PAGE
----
3 things to keep in mind during cruise ship audiovisual design

Cruise ships are bigger than ever, filled with more restaurant choices than patrons know what to do with, numerous entertainment options and water attractions rivaling those of stationary theme parks.

Entertainment is a crucial part of the cruising experience, so much so that Cruise Directors craft entertainment schedules for every venue every day of the cruise. Entertainment technology is not just reserved for the lounges, casino, and showrooms; every space has an entertainment aspect. Staterooms have interactive TVs where guests can watch movies on demand. Giant LED screens entertain crowds poolside, art auctions are held in the main atrium, even the elevators and hallways have carefully selected background music.

The AV infrastructure to support all this distributed audio, video, lighting, and control for background music, announcements, live bands, Bingo games, production shows, poolside movies, and in-room TV contributes significantly to the cost of building or retrofitting a ship. Here are a few thing AV designers should take into consideration when planning an install for a cruise ship:

 

    • Weight: Every piece of equipment and cabling contributes to the overall weight of the vessel, and thus also contributes to how much it costs to move the ship. Heavy ships use more energy to move, so controlling the weight of AV and lighting installations is important. Wherever possible, use fiber optic cables instead of copper. Not only does it weigh less, it has a higher bandwidth capacity, and can be run much longer distances. The backbone of the AV network should be built on fiber optic cables interconnecting local switches, with copper Ethernet runs to the local equipment. Consider transporting audio using Dante or AVB to be able to take advantage of being able to transport hundreds of channels of audio over a single pair of fiber optic cables rather than running separate twisted pair cables for each channel of audio.

 

    • Space: Like it or not, there is a fixed amount of space available for amplifiers, dimmers, audio processing, lighting controllers, and similar equipment. If the cruise line has the choice between using space for an AV equipment room and using it for a revenue generating stateroom, you can bet the amplifiers will get the boot. Use high capacity audio DSPs for signal distribution and powered speakers wherever possible to reduce the amount of racked equipment necessary throughout the ship. It is possible to combine multiple controllers into the same hardware by using server virtualization and running the show control systems and lighting control software on virtual machines within shared server hardware. By combining multiple systems into a single server, rack space can be drastically reduced (and that reduces cabling and the space and weight of that as well). Spare equipment is kept to a minimum due to space and weight limitations as well.Planning to use similar equipment shipwide helps to cut down on the different types of spares that need to be kept on board.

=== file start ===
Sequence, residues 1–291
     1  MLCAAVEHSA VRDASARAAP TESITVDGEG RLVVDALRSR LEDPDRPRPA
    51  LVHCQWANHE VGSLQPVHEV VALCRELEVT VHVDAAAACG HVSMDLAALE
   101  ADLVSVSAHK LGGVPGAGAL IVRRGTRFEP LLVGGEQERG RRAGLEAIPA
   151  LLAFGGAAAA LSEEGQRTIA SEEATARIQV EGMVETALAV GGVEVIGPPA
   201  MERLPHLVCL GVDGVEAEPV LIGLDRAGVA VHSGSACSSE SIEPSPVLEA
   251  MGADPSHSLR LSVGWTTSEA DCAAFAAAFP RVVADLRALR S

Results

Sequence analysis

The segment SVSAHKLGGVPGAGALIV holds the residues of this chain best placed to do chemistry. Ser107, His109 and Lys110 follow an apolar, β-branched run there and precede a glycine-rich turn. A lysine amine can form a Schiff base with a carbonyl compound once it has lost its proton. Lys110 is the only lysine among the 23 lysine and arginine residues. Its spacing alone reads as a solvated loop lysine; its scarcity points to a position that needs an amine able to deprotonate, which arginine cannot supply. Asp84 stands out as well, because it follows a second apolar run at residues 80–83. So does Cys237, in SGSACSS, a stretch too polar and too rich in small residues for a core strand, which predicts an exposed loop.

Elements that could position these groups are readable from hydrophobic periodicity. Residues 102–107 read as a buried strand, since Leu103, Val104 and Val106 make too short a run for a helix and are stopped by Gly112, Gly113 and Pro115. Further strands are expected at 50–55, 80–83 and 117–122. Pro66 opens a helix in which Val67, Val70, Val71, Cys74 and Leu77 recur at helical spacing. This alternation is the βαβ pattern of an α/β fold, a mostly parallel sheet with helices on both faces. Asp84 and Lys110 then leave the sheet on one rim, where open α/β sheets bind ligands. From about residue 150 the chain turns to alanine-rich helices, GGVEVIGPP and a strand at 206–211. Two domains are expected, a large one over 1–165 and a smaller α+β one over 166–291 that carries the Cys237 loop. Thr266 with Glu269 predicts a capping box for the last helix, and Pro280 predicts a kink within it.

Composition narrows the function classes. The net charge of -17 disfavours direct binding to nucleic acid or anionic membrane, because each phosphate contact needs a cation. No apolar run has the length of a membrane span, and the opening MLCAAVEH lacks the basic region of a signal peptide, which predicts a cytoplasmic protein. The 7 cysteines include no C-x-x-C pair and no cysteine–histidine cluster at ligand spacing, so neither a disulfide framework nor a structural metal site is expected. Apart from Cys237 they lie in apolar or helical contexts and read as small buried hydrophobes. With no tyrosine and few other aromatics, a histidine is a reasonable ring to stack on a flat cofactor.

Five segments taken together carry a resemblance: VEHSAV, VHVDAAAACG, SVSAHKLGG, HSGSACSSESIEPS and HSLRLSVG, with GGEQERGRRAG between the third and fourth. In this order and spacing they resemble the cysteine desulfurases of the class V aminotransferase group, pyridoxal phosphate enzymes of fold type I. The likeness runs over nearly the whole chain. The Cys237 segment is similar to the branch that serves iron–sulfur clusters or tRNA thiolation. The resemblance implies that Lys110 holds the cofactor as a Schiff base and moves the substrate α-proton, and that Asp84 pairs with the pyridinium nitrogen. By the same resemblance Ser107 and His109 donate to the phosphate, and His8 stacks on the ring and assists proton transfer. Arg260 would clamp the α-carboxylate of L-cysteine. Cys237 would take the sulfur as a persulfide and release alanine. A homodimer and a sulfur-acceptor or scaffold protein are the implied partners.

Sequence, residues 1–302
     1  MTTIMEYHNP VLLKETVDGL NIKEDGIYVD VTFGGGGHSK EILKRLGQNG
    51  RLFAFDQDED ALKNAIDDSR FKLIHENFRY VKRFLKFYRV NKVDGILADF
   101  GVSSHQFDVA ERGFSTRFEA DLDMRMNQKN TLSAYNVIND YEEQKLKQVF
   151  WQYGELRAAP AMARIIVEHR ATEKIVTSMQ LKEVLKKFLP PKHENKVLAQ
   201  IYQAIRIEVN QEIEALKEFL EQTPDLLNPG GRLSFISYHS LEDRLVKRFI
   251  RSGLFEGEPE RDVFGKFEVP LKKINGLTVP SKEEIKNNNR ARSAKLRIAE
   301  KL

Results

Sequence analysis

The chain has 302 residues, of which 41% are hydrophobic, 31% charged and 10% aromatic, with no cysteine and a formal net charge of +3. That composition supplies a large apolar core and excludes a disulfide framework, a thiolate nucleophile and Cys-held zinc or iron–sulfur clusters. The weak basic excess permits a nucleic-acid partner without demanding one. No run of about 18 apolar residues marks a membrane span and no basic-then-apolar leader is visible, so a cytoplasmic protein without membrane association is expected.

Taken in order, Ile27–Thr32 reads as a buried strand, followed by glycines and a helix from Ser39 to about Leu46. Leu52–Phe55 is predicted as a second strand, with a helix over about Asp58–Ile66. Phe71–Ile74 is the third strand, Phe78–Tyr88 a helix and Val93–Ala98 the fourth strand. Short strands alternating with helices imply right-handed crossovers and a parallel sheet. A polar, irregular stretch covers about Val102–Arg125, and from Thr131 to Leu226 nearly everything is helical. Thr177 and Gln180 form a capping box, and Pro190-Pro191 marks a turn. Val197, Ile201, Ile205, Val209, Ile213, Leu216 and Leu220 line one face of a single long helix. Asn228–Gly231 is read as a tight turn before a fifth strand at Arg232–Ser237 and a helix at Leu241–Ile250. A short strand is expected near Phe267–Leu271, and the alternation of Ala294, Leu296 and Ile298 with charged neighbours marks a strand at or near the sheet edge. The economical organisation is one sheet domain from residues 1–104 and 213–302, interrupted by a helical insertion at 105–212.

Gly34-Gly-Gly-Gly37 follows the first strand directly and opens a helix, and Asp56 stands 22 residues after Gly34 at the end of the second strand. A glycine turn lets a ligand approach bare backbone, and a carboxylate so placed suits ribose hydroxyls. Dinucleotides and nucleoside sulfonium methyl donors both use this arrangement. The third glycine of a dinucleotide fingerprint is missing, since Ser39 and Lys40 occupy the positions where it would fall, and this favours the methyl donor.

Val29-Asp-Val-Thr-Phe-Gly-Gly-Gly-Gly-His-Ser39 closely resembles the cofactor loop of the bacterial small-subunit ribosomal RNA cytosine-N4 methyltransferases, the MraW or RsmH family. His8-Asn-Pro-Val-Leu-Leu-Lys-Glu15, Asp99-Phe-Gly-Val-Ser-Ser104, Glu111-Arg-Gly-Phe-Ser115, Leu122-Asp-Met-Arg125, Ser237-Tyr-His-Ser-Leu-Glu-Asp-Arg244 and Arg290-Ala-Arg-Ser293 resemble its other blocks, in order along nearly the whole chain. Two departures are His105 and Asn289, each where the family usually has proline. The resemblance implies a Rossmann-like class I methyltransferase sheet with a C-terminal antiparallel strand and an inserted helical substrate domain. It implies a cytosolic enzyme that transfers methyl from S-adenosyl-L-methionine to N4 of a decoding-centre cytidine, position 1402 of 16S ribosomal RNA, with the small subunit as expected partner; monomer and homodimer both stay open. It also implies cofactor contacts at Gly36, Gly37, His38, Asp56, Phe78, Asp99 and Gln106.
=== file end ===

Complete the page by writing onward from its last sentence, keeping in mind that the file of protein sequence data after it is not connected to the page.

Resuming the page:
• Energy Use: Cruise ships have to generate their own electricity, so every power hungry piece of hardware in the AV system can be seen as an ongoing expense to keep it powered up. Using virtualized servers cuts down on the amount of power needed to run the show controllers and lighting controllers, and the show control system can be set up to turn down the volume of audio at night, or in areas that are not occupied. Just by turning down the volume by 3 decibels, power consumption is halved. A cruise ship can save thousands of kilowatt hours per month, just by turning down the volume when appropriate, and that translates to saved fuel.
    • Weather: As cruise ships travel from terminal to terminal, the weather can change without warning. AV equipment that is exposed to the elements, such as 4K LED video screens at poolside, and the accompanying lighting and speakers should be prepared to survive the elements and satisfy guest expectations. Any equipment rooms that are regularly used for storage of instruments (such as what you might find near the poolside stage) will need to have the equipment replaced or repaired more often, due to exposure of salty sea air. Connectors corrode, as do the faders and potentiometers of audio mixers. Plan to use cheaper, easily replaceable equipment in areas that are not protected from the elements. Replacing the gear is a matter of when, not if, so make sure ongoing maintenance won’t cost a fortune.

Medialon control systems and audio servers can be found on cruise ships sailing worldwide, including the Queen Mary II, Carnival Cruise Lines, Disney Cruise Line, Royal Caribbean International, Celebrity Cruises, Crystal Cruises, and Color Line Cruises, just to name a few.

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